ed his corner on her way up the street. That was all until to-night. It seemed probable that she lived in the neighbourhood. Perhaps the Reporter would know.
Just here the recollection that he was a Candy Man brought him up short. His bright dreams began to fade. The Girl of All Others should of course be able to recognise true worth, even in a Candy Wagon, but such is the power of convention he was forced to own to himself it was more than possible she might not. Or if she did, her friends----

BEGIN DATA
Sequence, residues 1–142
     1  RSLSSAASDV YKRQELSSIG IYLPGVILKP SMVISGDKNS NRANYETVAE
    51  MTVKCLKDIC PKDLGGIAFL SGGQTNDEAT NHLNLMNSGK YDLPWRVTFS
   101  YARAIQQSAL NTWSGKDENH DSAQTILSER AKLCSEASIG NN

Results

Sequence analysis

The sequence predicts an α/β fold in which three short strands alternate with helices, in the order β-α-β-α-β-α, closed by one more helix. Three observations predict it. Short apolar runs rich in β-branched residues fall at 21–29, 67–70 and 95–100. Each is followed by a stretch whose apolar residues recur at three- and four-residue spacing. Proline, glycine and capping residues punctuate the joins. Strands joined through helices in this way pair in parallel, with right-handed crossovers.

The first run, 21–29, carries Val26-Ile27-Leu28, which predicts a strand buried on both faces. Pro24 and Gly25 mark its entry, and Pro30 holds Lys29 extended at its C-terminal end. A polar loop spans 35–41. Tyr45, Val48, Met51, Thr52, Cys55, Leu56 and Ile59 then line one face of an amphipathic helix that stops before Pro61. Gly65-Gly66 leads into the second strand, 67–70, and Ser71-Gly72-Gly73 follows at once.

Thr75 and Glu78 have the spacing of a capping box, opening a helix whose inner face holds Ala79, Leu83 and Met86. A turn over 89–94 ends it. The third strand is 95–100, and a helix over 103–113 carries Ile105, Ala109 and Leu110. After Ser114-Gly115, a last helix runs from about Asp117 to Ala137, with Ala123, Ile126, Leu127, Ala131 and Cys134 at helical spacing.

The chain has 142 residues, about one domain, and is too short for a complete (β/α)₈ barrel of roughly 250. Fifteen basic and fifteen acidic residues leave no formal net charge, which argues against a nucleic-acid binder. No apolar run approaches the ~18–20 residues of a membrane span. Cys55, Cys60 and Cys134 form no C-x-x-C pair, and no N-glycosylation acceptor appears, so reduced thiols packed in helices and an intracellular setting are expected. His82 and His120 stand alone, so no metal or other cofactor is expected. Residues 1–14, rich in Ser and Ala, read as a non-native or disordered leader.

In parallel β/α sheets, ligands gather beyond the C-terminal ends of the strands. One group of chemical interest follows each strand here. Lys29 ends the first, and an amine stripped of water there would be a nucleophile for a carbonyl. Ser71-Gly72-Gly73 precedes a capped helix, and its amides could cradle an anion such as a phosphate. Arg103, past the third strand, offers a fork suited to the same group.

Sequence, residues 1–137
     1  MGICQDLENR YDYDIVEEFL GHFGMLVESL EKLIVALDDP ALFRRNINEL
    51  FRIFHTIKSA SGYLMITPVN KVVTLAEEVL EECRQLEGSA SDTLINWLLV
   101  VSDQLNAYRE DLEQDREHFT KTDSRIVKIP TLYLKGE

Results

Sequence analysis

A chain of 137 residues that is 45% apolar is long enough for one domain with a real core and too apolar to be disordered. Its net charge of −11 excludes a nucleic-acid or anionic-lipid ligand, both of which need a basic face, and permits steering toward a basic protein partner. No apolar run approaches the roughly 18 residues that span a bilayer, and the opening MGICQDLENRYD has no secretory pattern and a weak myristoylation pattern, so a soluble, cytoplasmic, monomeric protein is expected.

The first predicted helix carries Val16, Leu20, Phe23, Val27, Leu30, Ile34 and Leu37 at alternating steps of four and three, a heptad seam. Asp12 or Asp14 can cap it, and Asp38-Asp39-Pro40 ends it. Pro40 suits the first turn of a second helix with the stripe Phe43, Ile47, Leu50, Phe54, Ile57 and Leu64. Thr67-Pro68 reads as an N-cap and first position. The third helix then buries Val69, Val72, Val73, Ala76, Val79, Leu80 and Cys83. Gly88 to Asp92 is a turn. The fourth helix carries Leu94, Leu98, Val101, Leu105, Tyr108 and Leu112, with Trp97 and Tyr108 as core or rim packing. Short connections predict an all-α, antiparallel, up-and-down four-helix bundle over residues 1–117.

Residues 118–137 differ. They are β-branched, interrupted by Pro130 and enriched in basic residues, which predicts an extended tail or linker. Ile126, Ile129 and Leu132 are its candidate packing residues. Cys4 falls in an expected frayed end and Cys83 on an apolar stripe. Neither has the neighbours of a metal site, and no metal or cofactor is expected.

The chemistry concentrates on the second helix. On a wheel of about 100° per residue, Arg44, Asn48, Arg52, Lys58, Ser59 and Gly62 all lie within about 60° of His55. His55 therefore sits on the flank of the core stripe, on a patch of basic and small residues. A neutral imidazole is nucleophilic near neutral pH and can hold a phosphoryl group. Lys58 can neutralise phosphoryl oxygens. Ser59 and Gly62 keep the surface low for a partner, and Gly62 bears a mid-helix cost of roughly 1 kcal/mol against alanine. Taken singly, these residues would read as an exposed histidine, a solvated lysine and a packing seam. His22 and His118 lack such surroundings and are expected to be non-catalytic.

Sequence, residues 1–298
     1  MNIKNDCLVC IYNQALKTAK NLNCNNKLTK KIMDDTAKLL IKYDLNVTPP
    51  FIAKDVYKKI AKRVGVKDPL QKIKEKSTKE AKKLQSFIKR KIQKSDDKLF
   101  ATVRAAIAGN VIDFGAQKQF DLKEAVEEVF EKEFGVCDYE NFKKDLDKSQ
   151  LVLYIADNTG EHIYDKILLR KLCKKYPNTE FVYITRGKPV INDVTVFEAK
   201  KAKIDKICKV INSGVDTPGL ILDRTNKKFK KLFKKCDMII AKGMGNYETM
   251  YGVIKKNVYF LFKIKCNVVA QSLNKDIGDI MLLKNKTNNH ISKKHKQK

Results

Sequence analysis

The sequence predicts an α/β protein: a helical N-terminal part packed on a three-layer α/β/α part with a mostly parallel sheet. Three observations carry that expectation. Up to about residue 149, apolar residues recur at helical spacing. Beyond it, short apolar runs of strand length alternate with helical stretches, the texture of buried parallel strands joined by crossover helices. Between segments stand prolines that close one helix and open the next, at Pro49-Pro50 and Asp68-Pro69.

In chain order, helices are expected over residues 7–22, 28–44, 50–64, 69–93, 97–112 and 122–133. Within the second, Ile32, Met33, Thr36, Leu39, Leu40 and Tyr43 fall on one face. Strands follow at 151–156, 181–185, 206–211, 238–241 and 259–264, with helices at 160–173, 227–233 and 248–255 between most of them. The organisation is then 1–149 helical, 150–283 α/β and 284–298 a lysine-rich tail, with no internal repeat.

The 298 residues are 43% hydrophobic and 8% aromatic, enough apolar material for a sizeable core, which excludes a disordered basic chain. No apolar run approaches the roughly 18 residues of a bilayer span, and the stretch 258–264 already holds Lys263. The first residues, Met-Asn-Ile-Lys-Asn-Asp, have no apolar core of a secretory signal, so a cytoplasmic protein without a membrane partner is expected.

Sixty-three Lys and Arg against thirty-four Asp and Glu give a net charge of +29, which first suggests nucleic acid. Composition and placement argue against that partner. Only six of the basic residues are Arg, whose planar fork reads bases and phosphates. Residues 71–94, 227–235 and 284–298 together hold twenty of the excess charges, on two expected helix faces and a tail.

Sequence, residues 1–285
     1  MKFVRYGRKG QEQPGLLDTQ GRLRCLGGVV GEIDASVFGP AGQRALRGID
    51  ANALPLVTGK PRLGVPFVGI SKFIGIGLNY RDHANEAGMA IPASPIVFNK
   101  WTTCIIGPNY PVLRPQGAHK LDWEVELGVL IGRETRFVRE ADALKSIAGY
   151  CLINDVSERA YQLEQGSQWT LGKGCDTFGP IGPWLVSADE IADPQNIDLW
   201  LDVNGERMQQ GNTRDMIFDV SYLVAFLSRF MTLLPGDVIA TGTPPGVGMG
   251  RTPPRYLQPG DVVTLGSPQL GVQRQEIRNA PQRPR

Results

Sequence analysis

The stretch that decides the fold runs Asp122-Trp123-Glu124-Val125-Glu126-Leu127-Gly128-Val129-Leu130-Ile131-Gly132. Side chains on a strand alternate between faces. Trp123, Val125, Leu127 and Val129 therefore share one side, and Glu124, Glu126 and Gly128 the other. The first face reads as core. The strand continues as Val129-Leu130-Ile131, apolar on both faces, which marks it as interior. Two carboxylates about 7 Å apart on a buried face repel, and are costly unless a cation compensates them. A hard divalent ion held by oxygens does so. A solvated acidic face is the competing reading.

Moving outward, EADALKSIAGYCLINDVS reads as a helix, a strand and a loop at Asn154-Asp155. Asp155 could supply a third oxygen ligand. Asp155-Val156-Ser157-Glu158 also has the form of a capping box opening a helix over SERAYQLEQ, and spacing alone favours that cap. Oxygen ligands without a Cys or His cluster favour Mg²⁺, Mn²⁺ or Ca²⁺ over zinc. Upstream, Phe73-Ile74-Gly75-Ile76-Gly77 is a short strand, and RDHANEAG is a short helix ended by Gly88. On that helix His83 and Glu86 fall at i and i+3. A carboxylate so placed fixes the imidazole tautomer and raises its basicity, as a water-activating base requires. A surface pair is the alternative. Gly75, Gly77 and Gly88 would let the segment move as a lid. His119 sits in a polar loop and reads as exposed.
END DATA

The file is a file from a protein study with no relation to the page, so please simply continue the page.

But these disheartening reflections were curtailed by the sudden appearance of a stout, grey horse under the conduct of a small boy. The shafts were lowered, the grey horse placed between them, and, after a few more preliminaries, the Candy Wagon, Candy Man and all, were removed from the scene of action, leaving the Y.M.C.A. corner to the rain and the fog, the gleaming lights, and the ceaseless clang of the trolley cars.